Chinese aid to Africa is creating pariah states rather than just supporting them, claim the authors of the report, ‘Chinese Aid and Africa’s Pariah States 2000-2011’.
Professors Clionadh Raleigh and Roudabeh Kishi from the University of Sussex, said although China isn’t targeting pariah states with aid, “it is making states into pariahs through providing resources to state leaders who are unafraid to use repression as a means to quell competition. If the state has complete control over its budget, it will use its position to bolster its capacity to repress any potential opposition in order to secure its position,” citing Ethiopia, Zimbabwe and Uganda as examples.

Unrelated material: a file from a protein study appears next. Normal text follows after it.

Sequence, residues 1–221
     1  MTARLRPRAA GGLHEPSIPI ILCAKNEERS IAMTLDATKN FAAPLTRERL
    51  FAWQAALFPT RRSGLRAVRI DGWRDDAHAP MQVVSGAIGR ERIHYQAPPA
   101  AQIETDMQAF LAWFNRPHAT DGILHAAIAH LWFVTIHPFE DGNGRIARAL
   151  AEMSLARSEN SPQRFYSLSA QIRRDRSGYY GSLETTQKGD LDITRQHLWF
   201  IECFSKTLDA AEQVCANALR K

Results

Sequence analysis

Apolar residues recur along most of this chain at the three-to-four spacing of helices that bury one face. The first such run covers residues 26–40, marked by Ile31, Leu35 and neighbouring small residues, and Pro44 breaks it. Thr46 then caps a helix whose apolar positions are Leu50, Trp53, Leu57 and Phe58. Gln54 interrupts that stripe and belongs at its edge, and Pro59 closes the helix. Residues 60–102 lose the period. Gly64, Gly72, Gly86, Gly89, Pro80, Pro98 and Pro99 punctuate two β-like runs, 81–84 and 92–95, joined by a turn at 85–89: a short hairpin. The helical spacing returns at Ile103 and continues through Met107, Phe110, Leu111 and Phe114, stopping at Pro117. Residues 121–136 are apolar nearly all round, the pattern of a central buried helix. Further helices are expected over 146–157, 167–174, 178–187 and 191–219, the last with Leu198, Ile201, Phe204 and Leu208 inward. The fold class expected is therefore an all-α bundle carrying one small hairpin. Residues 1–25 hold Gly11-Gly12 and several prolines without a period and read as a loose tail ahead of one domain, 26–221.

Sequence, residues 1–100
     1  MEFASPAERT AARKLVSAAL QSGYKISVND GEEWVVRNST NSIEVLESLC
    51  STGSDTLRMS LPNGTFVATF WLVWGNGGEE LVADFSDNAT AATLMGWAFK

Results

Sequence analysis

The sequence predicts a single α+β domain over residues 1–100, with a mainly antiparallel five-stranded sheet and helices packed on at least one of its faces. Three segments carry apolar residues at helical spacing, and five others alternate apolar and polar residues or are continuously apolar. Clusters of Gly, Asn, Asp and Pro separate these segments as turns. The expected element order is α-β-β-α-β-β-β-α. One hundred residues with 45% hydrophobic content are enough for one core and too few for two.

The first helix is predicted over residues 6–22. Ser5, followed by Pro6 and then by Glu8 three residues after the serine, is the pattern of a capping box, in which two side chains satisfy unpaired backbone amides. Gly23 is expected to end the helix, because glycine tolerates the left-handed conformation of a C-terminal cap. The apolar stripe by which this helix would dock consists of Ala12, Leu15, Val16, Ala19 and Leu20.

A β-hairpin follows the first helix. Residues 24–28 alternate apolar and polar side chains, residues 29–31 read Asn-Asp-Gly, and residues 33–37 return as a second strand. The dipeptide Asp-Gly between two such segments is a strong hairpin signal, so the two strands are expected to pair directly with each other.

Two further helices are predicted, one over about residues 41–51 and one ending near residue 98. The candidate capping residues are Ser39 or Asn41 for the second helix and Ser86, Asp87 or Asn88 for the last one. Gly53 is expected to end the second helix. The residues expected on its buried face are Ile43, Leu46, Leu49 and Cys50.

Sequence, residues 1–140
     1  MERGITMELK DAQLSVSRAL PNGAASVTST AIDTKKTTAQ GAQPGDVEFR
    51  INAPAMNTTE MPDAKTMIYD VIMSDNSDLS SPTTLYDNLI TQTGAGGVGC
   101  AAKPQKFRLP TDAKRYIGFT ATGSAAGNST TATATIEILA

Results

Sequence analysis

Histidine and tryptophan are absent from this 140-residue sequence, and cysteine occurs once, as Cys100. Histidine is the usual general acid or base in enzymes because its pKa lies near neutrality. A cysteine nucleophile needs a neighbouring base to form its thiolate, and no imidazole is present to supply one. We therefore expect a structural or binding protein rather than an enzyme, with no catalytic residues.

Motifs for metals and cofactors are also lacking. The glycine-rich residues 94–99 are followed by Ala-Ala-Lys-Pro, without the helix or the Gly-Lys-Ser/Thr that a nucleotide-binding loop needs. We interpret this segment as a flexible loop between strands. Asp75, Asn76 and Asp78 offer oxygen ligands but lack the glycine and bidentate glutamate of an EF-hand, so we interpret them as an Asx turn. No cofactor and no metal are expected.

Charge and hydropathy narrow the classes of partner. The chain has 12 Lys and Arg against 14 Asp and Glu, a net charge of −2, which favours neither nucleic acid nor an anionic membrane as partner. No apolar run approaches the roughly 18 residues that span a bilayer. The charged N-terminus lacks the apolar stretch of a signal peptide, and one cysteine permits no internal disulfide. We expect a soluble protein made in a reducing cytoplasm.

Traditional donor aid from the West to African nations usually requires the recipient country to adhere to conditions that support democracy, human rights, electoral transparency and the fight against corruption. Chinese aid is predominately directed towards whichever countries satisfies its needs – which include gaining access to new markets as well as securing its energy requirements – with a recipient’s institutional quality having no bearing on its choices. The crucial factor for Chinese aid provision is that it must benefit China; they also found that countries with a weaker rule of law get more aid as Chinese businesses are allowed to flourish in such environments.